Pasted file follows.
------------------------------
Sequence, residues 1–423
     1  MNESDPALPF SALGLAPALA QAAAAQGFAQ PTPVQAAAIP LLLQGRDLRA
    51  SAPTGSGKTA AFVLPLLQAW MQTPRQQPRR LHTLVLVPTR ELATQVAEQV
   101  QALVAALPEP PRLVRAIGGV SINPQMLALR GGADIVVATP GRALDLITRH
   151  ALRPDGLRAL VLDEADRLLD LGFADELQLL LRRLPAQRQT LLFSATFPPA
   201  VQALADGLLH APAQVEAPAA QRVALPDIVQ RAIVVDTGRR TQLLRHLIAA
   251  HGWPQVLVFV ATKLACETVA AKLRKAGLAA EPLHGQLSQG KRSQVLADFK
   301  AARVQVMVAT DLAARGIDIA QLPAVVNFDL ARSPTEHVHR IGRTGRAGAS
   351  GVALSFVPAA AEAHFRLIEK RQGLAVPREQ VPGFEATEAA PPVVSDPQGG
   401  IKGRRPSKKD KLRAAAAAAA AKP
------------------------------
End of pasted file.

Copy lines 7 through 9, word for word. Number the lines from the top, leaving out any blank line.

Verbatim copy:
   251  HGWPQVLVFV ATKLACETVA AKLRKAGLAA EPLHGQLSQG KRSQVLADFK
   301  AARVQVMVAT DLAARGIDIA QLPAVVNFDL ARSPTEHVHR IGRTGRAGAS
   351  GVALSFVPAA AEAHFRLIEK RQGLAVPREQ VPGFEATEAA PPVVSDPQGG